The purpose of this guidance is to provide support to pharmacists and pharmacy technicians to make decisions in these exceptional circumstances and to also provide some reassurance that uncomfortable decisions made are sound and defensible.

Professional Decision-Making

Professional decisions are informed by the best available evidence and grounded in reason. Accountability is an important part of the covenant the profession holds with the public propagating the trust that we are gifted by them. When events or decisions do not bring the most desirable outcome pharmacists and pharmacy technicians often worry that they have done wrong and will be penalised because of a less desirable outcome. 

Under these circumstances especially, pharmacists and pharmacy technicians should focus on reasoned decision-making, which underpins the skills of a health professional.

The Medicines Ethics and Practice Guide[2] provides a model for decision-making (see Box 1, below). Having a systematic approach allows professionals to account for the decisions they make. In times of crisis, this approach is offered as a useful support tool to fall back on. 

Each of the factors listed below may be adapted to take account of the prevailing circumstances and the time available. The time available for making decisions may be significantly shortened because of a wide range demands including the needs of all patients in need of services, limitations on available resources and other pressures on the service.

Decision-making is often improved through collaborative discussion where possible and time allows. During this pandemic, pharmacists and pharmacy technicians in all areas may be experiencing similar issues and discussion often assists.

Pharmacists and pharmacy technicians should be reassured that should decisions be called into question at a later date, they will be judged according to the circumstances at the time of the decision, not with the benefit of hindsight.[3]



Identify the issue/dilemma



Gather relevant information. This will include legal, ethical, professional and clinical guidance



Consider the range of options in the time available; what could I do?



What are the risks and benefits of each option?



Make a reasoned decision based on the evidence gathered



Make a record of both the final decision and the facts that informed that decision



As situations change, review the decision in light of information, altering practise as necessary and recording changes

Box 1. Adapted for emergency circumstances from Exercising Professional Judgment RPS Medicines, Ethics and Practice Guide[4]

Ethical Framework for Decision Making

Every health profession defines its expectations through some form of code of ethics, although its nomenclature may vary. Pharmacists and pharmacy technicians must adhere to the Standards for Pharmacy Professionals issued by the regulators, the General Pharmaceutical Council[5] and the Pharmaceutical Society NI. [6]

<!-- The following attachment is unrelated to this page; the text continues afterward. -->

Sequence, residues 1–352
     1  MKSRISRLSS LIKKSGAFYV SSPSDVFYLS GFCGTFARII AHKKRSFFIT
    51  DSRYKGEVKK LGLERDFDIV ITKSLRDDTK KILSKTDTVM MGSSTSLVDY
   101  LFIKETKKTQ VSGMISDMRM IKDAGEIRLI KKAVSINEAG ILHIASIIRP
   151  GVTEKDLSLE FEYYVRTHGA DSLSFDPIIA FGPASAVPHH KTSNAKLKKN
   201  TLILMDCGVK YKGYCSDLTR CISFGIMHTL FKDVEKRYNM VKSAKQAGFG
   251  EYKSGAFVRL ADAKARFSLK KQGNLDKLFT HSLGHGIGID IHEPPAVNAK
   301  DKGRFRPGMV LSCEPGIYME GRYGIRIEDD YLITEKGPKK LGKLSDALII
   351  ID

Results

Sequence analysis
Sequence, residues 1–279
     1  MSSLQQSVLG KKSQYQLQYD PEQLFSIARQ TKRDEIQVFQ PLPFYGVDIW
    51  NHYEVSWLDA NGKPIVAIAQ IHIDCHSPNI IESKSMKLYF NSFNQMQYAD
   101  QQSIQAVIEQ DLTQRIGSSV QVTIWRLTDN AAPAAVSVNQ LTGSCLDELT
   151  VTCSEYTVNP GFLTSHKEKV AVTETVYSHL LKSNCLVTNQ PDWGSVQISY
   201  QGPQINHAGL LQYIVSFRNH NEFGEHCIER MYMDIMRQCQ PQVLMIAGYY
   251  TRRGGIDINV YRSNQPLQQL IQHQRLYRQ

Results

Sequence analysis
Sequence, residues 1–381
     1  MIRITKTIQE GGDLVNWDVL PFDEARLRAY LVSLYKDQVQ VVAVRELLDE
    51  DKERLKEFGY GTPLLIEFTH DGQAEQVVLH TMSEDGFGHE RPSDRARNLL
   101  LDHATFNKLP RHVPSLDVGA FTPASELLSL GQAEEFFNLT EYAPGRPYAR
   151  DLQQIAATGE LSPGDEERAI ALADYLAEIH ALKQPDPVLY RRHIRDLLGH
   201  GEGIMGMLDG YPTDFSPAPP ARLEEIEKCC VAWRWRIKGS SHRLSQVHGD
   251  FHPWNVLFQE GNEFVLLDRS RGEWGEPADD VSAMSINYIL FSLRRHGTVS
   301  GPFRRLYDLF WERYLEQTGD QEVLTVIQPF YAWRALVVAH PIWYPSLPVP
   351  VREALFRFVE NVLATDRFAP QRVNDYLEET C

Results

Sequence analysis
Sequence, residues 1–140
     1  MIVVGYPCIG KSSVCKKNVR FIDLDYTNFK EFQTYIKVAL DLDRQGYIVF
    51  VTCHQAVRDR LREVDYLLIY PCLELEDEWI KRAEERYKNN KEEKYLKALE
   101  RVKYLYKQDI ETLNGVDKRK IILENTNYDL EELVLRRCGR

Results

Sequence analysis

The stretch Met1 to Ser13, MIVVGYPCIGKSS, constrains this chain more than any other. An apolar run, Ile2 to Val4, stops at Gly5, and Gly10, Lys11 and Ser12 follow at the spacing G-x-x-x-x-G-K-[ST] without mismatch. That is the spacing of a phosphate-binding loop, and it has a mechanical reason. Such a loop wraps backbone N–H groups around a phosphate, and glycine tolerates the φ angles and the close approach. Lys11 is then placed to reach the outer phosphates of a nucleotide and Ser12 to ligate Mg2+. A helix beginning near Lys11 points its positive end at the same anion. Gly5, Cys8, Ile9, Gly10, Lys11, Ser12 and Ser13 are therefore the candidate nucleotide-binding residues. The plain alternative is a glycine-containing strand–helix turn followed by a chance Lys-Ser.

In times such as these, it is critical that individuals work flexibly with colleagues across different disciplines and sectors, sometimes beyond traditional professional boundaries, to ensure the best realistic outcomes for patients, taking account of the circumstances they are working in. 

On the public’s behalf, the General Pharmaceutical Council (GPhC) and the Pharmaceutical Society NI (PSNI) expect pharmacists and pharmacy technicians to uphold their respective standards, recognising that how this is achieved may look very different in the context of the present challenge, compared to normal times. 

The guidance that follows is based on two key UK government documents. The first was produced in 2007 following the SARS outbreak, updated following the H1N1 influenza pandemic of 2009 and most recently updated in 2017.[7] The second document was produced by the Department of Health and Social Care in March 2020 to support the wider adult social care arena.[8] Using these as the basis of this guidance aligns pharmacy with not only other medical professionals but also key emergency planners supporting health workers.

The UK government influenza guidance detailed that there are eight priority areas to be considered in these exceptional times and these are detailed in Box 2 (below). In broad principle these reflect a just perspective under the philosophy that everyone matters and that everyone matters equally.

Equal respect

everyone matters and everyone matters equally, but this does not mean that everyone will be treated the same


keep people as informed as possible; give people the chance to express their views on matters that affect them; respect people’s personal choices about care and treatment

Minimise the harm of the pandemic

reduce spread, minimise disruption, learn what works


everyone matters equally. People with an equal chance of benefiting from a resource should have an equal chance of receiving it – although it is not unfair to ask people to wait if they could get the same benefit later

Working together

we need to support each other, collaborate and work flexibly, take responsibility for our own behaviour and share information appropriately


those who take on increased burdens should be supported in doing so

Keeping things in proportion

information communicated must be proportionate to the risks; restrictions on rights must be proportionate to the goals


plans must be adaptable to changing circumstances

Open and transparent decision-making